Is Klippel-Trenaunay syndrome painful?

Is Klippel-Trenaunay syndrome painful?

Is Klippel-Trenaunay syndrome painful?

The abnormal growth can cause pain, a feeling of heaviness, and reduced movement in the affected area. If the overgrowth causes one leg to be longer than the other, it can also lead to problems with walking. Malformations of veins are the third major feature of Klippel-Trenaunay syndrome.

Is Klippel-Trenaunay syndrome fatal?

Klippel–Trenaunay Syndrome (KTS) is a rare congenital disorder, characterized by venous and lymphatic malformations of the skin, soft tissue, and bone, causing limb hypertrophy. Although, a ruptured hemorrhagic corpus luteum is a rare condition in women of reproductive age, it can result in lethal outcomes.

What is KPS syndrome?

Overview. Klippel-Trenaunay (klih-PEL tray-no-NAY) syndrome ― also called KTS ― is a rare disorder found at birth (congenital) involving problems in the development of certain blood vessels, soft tissues (such as skin and muscles), bones and sometimes the lymphatic system.

What kind of doctor treats Klippel-Trenaunay syndrome?

Diagnosis of Klippel-Trenaunay syndrome begins with a physical exam. Referral to a vascular malformations specialist is helpful for evaluation and treatment recommendations.

What is a KTS leg?

Klippel-Trenaunay syndrome (KTS) is a rare congenital vascular disorder in which a limb may be affected by port wine stains (red-purple birthmarks involving blood vessels), varicose veins, and/or too much bone and soft tissue growth. The limb may be larger, longer, and/or warmer than normal.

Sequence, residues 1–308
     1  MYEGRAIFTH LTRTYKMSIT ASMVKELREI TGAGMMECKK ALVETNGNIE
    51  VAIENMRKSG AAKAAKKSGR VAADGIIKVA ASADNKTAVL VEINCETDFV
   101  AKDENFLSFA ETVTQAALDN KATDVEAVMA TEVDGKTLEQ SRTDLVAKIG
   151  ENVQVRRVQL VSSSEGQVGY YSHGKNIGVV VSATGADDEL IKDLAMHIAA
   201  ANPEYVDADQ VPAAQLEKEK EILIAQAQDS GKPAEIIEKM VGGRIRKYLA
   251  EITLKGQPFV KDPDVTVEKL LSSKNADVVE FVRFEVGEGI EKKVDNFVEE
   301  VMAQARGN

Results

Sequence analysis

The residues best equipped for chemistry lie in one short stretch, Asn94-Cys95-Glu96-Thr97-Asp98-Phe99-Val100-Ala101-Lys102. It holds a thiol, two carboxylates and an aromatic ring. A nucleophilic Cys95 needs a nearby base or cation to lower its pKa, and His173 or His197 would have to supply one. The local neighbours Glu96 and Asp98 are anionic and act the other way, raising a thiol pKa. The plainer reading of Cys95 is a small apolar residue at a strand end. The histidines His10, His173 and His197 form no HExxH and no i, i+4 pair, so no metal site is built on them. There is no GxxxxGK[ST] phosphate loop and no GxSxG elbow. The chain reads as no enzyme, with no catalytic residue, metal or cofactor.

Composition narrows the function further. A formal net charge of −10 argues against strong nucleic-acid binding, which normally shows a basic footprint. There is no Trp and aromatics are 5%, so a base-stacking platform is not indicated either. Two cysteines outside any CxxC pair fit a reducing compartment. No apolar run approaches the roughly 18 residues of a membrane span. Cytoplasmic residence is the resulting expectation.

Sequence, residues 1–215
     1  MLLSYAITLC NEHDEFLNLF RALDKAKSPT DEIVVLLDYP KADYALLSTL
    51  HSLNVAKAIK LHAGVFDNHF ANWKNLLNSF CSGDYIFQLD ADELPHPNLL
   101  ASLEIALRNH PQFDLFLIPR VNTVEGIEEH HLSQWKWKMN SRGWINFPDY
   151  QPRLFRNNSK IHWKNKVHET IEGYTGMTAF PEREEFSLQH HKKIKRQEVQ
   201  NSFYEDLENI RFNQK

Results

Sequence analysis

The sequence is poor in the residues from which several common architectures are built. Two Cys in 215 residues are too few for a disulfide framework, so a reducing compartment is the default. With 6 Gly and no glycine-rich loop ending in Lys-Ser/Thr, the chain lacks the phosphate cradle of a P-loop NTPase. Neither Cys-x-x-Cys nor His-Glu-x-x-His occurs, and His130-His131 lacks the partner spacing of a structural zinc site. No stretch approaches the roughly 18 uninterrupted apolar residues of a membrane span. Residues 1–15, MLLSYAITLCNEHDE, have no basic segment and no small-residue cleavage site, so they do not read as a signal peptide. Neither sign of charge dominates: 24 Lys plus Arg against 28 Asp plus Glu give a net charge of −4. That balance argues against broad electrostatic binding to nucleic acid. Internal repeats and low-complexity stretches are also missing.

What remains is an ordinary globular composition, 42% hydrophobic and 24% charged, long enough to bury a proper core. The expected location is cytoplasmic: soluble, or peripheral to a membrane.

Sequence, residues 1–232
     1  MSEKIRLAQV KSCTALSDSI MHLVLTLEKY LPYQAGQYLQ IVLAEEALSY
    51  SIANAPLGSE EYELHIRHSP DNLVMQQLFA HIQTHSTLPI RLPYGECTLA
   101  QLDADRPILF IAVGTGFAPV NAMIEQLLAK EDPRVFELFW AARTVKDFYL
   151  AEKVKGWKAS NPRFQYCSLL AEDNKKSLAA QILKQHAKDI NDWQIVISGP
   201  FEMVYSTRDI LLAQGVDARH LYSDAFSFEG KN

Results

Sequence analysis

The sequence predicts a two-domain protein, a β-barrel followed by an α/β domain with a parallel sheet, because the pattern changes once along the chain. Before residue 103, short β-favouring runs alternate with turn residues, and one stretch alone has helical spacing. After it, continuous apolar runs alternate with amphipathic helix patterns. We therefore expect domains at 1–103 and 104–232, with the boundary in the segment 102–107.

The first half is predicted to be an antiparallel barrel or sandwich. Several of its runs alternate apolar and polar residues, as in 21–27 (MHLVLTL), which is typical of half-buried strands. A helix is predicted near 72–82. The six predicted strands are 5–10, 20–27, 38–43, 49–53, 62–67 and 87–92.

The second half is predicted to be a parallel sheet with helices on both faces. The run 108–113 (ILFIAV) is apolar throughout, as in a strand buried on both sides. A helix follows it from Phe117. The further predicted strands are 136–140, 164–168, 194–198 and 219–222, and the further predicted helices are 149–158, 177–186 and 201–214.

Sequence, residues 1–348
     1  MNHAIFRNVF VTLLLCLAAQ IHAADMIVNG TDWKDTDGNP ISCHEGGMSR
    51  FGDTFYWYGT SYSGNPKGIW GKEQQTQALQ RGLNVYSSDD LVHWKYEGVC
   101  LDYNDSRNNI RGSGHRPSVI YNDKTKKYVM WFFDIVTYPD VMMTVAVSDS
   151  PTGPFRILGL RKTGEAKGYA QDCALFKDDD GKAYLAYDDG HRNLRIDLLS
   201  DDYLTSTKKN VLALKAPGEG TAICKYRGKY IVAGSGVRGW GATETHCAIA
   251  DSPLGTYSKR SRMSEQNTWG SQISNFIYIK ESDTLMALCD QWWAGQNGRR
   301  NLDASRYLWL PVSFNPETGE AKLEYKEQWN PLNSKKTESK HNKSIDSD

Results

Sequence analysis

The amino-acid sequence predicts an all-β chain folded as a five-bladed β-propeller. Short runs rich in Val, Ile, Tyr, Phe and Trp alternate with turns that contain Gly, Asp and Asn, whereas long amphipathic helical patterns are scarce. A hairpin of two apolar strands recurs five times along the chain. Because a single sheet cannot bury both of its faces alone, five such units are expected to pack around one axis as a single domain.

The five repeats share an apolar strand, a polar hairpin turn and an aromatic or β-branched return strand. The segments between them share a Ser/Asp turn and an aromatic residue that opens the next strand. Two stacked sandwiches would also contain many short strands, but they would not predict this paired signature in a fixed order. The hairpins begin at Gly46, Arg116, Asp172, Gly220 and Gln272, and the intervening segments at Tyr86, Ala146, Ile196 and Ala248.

How common is KTS?

General Discussion. Klippel-Trenaunay syndrome (KTS) is a rare disorder that is present at birth (congenital) and is characterized by a triad of cutaneous capillary malformation (“port-wine stain”), lymphatic anomalies, and abnormal veins in association with variable overgrowth of soft tissue and bone.

What is KFS?

Klippel-Feil syndrome (KFS) is a rare skeletal disorder primarily characterized by abnormal union or fusion of two or more bones of the spinal column (vertebrae) within the neck (cervical vertebrae).

Can you fix Klippel Feil syndrome?

There is no cure for Klippel-Feil syndrome. Treatment is ordered when certain issues — such as spinal curvatures, muscle weaknesses or heart problems — occur and need to be treated.

Can you be born with no neck?

Klippel-Feil Syndrome (KFS) is a congenital bone condition in which at least 2 cervical vertebrae remain fused and immobile. Some common signs may include a visibly short neck and low hairline behind the head.